Graduation Year


Document Type

Ed. Specalist



Degree Granting Department

Psychological and Social Foundations

Major Professor

Harold Keller, Ph.D.

Committee Member

Richard Briscoe, Ph.D.

Committee Member

Jeffrey Kromrey, Ph.D.


authoritative, authoritarian, permissive, parental involvement, kindergarten readiness


The purpose of this study was to investigate the relationship of parenting style, home-based involvement, parents’ educational expectations and pre-literacy readiness. Sixty-two preschool children and his or her parent or guardian participated in this study of: 1) The relationship between parenting style and pre-literacy readiness of Black children enrolled in Head Start programs; 2) The relationship between parents’ educational expectations of Black children enrolled in Head Start programs and preliteracy readiness; 3) The relationship between home-based involvement of Black parents and levels of pre-literacy readiness of their children enrolled in Head Start programs; and 4) The relationship between the predictor variables (i.e., parenting style, parental homebased involvement, and parents’ educational expectations) and pre-literacy readiness of Black children enrolled in Head Start programs. Data were obtained from a Parent Survey that was administered to parents of children who attended Head Start Centers. Child participants were also administered pre-literacy assessments.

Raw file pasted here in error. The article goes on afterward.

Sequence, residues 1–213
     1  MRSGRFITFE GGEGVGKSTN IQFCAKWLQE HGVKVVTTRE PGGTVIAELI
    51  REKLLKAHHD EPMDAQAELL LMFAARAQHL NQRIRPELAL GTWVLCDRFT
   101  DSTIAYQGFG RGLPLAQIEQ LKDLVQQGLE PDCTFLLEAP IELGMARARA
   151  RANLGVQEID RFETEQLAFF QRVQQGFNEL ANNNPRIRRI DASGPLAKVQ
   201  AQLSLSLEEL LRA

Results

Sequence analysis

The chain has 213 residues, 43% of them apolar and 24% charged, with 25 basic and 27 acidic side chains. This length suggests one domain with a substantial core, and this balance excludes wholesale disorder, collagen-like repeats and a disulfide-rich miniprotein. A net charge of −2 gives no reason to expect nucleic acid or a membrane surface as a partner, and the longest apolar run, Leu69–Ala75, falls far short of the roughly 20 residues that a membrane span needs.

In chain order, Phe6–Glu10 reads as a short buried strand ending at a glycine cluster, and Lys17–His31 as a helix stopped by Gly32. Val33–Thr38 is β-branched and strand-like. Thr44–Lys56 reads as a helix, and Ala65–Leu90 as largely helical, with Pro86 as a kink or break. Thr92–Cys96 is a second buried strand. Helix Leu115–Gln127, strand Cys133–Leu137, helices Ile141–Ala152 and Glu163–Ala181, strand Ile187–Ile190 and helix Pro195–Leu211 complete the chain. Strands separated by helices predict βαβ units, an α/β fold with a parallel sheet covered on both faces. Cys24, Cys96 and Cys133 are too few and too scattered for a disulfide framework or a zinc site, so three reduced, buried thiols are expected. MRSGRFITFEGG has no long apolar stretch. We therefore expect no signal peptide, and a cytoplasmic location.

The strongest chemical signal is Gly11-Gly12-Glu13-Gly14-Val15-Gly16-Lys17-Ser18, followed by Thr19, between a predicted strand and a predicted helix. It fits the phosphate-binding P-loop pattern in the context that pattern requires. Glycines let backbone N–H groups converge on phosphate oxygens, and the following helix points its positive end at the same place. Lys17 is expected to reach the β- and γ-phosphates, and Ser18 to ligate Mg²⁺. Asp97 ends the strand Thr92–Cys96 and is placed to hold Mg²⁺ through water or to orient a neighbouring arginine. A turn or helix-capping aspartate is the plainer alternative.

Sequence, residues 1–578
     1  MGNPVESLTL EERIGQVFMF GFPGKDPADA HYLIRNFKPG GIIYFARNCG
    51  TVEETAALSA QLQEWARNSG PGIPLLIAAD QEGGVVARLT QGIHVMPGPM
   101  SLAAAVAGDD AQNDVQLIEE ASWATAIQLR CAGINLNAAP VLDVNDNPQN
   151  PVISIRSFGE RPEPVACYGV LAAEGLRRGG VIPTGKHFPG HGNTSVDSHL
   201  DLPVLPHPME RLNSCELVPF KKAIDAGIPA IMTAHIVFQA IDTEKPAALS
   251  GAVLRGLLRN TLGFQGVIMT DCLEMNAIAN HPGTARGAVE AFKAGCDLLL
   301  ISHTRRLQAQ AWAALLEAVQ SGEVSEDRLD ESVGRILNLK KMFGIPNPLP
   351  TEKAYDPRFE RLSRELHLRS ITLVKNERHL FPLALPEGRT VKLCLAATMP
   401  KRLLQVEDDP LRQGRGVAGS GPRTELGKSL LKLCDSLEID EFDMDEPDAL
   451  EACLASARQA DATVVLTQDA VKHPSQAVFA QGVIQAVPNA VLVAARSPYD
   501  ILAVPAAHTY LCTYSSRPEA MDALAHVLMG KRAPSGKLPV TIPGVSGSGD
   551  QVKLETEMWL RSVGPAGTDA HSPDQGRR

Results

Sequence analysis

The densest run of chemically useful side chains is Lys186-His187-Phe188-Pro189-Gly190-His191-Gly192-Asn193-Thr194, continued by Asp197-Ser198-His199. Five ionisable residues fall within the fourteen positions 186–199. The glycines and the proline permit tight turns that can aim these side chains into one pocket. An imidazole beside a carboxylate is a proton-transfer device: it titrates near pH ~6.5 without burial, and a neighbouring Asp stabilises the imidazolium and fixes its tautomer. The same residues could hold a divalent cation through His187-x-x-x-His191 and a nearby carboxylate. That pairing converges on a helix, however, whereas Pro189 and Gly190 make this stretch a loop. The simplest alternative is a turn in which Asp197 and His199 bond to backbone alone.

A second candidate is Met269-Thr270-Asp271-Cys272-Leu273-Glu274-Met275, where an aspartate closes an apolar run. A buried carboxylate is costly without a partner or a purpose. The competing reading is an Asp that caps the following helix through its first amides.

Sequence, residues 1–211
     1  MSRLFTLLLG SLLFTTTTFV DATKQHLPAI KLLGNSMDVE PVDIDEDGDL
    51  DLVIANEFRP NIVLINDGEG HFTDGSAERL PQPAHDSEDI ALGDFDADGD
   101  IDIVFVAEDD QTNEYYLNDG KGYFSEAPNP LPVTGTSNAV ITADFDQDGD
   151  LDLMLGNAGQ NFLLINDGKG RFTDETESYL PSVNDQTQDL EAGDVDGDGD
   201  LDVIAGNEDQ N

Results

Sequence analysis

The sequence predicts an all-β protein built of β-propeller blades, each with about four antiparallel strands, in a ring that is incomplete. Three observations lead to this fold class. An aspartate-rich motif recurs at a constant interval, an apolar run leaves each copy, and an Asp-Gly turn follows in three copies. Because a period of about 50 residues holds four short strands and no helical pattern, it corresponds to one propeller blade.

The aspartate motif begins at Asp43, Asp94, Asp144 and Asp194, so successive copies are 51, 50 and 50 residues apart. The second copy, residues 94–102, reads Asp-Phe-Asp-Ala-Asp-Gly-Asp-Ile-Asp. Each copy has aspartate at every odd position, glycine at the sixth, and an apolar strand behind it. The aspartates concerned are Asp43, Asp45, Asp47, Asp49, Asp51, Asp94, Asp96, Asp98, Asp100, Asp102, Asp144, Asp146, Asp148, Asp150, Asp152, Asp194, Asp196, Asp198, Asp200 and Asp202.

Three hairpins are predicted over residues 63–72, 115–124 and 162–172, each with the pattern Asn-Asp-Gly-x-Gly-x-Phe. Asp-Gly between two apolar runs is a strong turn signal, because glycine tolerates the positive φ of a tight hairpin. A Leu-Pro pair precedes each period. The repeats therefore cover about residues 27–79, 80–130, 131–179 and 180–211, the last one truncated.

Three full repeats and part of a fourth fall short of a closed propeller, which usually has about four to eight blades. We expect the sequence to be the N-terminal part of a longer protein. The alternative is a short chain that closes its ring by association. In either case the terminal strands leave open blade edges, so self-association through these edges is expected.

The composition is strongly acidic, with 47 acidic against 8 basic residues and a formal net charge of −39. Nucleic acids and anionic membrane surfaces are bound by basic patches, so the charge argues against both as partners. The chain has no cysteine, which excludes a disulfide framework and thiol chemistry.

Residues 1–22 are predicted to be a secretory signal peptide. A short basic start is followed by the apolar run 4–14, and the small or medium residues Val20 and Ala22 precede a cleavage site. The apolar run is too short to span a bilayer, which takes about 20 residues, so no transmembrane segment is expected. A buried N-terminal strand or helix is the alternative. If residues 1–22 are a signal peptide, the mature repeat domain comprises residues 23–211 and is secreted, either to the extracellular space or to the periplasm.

A series of correlation and multiple regression analyses were conducted to answer the four research questions in this study. Overall, all correlation and multiple regression analyses lacked significant results. None of the predictor variables had more of an influence on pre-literacy readiness variables.

Despite the lack of significance, the results of this study contributes to the literature that supports that Black parents do have high expectations for their children and are engaging in activities at home with their children, whether it’s the primary caregiver (e.g., mother) or another person in the immediate or extended family (e.g., father, grandparents, uncle, boyfriend).

These results further support the notion that Baumrind’s parenting style constructs may not generalize across other cultural and economical contexts. Future research is needed to determine the generalizability of these parenting style constructs across other ethnic minority and cultural groups. Practical implications of this study suggest that prevention and early intervention practices are two essential components in improving the learning outcomes of young minority children from less privileged backgrounds.